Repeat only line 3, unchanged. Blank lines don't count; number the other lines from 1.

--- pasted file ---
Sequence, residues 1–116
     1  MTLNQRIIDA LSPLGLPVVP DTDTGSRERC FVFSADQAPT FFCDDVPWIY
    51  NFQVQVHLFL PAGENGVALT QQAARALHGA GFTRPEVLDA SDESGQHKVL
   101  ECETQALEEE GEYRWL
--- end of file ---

    51  NFQVQVHLFL PAGENGVALT QQAARALHGA GFTRPEVLDA SDESGQHKVL